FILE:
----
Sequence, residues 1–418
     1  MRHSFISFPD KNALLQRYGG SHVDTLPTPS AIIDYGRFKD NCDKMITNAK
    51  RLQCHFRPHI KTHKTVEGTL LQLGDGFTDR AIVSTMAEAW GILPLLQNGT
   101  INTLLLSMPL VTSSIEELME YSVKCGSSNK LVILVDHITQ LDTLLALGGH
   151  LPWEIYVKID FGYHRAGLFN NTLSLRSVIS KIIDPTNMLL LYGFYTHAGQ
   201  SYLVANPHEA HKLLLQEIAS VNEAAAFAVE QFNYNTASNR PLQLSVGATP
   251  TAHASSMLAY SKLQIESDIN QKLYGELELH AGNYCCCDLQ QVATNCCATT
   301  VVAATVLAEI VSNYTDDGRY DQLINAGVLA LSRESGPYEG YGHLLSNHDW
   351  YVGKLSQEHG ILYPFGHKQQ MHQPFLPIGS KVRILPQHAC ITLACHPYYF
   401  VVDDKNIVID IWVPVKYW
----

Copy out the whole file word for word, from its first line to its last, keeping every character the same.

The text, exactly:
Sequence, residues 1–418
     1  MRHSFISFPD KNALLQRYGG SHVDTLPTPS AIIDYGRFKD NCDKMITNAK
    51  RLQCHFRPHI KTHKTVEGTL LQLGDGFTDR AIVSTMAEAW GILPLLQNGT
   101  INTLLLSMPL VTSSIEELME YSVKCGSSNK LVILVDHITQ LDTLLALGGH
   151  LPWEIYVKID FGYHRAGLFN NTLSLRSVIS KIIDPTNMLL LYGFYTHAGQ
   201  SYLVANPHEA HKLLLQEIAS VNEAAAFAVE QFNYNTASNR PLQLSVGATP
   251  TAHASSMLAY SKLQIESDIN QKLYGELELH AGNYCCCDLQ QVATNCCATT
   301  VVAATVLAEI VSNYTDDGRY DQLINAGVLA LSRESGPYEG YGHLLSNHDW
   351  YVGKLSQEHG ILYPFGHKQQ MHQPFLPIGS KVRILPQHAC ITLACHPYYF
   401  VVDDKNIVID IWVPVKYW